But the scale of China Mobile allowed it to rise above its problems then, as it will again in 5G. In that case, it responded by moving very quickly to 4G and driving a global ecosystem around the previously underused TDD flavor of LTE. Mobile has the same ability to create broad support, among vendors and fellow operators, in any bands where it deploys 5G.

The next set of licences to be awarded in China will be in the 700 MHz band, which will be well-suited to rural coverage and IoT applications. Analysts at Jefferies speculate that this may coincide with a much-rumored plan by the government to merge China Unicom and China Telecom to create a more powerful counterweight to Mobile, and introduce better economies of scale to the market, encouraging accelerated 5G progress.

However, the Huawei crisis and the stand-off with the USA will have its impact on domestic 5G plans, the analysts argued in a recent client note – not least by making 5G leadership even more important to the Chinese government as a badge of national pride. However, progress may also be hampered by the trade wars, and even the recent arrest of Huawei’s CFO, Meng Wanzhou (see separate item).

The analysts wrote:  “While the extradition case could go on for months, we believe the US has serious intentions to put Ms. Meng behind bars and sue Huawei as well as impose a US export ban on Huawei. If that happens, it will be a serious setback to China’s 5G timeline … China will be unlikely to want to build 5G without Huawei, and to get Huawei out of any potential US export ban, the US will likely ask for concessions in China’s tech subsidy and ‘Buy China’ policy in various industries including telecom.”

Their conclusion was: “The likely purpose is to cut the scale of Huawei and ZTE (assuming Huawei will already lose substantial business outside of China) and China’s supply chain. This could raise the cost of China’s effort to build 5G, and may make merging CT and CU even more sensible/urgent than before.”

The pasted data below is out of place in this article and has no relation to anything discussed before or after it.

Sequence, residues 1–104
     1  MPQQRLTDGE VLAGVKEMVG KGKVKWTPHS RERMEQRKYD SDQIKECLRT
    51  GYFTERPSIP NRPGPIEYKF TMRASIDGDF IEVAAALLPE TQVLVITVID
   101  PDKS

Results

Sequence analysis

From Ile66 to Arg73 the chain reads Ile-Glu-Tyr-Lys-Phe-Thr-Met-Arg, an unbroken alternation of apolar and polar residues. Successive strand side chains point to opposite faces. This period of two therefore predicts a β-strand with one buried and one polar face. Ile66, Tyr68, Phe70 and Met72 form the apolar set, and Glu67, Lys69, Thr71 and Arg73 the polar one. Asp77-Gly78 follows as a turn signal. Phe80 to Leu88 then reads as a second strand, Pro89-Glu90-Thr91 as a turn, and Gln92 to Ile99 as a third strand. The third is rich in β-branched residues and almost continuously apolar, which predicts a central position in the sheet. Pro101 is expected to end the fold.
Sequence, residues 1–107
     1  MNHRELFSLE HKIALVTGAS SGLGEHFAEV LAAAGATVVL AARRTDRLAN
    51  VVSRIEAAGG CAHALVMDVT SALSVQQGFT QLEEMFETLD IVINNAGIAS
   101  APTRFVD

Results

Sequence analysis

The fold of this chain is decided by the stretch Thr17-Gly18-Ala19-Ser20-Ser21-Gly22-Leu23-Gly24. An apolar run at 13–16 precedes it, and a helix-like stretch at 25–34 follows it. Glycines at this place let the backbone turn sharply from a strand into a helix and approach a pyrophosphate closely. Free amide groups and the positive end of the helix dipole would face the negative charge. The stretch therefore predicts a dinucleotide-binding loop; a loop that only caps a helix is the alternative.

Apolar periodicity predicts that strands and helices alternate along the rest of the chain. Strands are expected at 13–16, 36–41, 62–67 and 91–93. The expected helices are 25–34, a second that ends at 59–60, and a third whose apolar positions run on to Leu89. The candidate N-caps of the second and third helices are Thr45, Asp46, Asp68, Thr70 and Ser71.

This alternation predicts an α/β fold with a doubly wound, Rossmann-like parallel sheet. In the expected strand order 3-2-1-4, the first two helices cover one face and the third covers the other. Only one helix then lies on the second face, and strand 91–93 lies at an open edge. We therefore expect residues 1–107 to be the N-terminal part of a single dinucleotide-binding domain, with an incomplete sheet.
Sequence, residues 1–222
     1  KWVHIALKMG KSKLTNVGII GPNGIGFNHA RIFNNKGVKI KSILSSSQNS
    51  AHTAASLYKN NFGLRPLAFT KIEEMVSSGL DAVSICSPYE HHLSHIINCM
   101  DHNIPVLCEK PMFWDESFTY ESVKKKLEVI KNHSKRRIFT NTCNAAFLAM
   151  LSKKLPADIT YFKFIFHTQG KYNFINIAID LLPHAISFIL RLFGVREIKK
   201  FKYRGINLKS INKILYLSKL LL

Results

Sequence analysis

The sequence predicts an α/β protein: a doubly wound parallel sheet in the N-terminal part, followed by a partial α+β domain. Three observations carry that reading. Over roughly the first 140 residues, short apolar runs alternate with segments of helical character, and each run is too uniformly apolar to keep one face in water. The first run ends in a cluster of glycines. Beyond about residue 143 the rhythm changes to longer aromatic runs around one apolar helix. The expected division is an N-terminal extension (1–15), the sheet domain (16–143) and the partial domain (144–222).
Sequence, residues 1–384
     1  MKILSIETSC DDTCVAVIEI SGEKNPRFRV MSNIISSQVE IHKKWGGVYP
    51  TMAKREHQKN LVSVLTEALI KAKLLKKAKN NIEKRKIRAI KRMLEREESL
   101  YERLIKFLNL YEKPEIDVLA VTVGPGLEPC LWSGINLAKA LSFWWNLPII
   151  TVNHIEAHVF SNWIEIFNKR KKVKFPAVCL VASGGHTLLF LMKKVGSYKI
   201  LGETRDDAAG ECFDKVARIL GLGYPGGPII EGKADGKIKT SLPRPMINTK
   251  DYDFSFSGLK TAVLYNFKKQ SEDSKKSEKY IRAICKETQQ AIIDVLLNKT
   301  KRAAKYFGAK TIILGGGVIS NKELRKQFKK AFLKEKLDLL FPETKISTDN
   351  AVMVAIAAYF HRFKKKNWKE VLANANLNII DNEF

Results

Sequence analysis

Of course, Australia is one of the countries which has already barred Huawei and ZTE from its 5G networks, causing consternation for its operators, especially VHA (Vodafone Hutchison) which is a Huawei-only shop in 4G.

The telcos have gone ahead and acquired 5G spectrum despite this disruption to their procurement plans and choices. They have paid a total of about A$853m ($613m) for 3.6 GHz spectrum.

The auction attracted bids from the three existing MNOs and one new entrant, the UK’s DenseAir (Australia did have a new MNO, TPG, but it is in the process of being acquired by Vodafone).

DenseAir is an affiliate of mobile network equipment maker Airspan, and was set up to buy spectrum around the world, in which to build neutral host, small cell networks, to support MNOs and other service providers on a wholesale basis. The aim is to address enterprise, indoor and IoT markets which are often neglected by the mainstream operators with their focus on wide area, outdoor and consumer use cases. DenseAir already has spectrum in several other countries, including Ireland, Belgium and Portugal.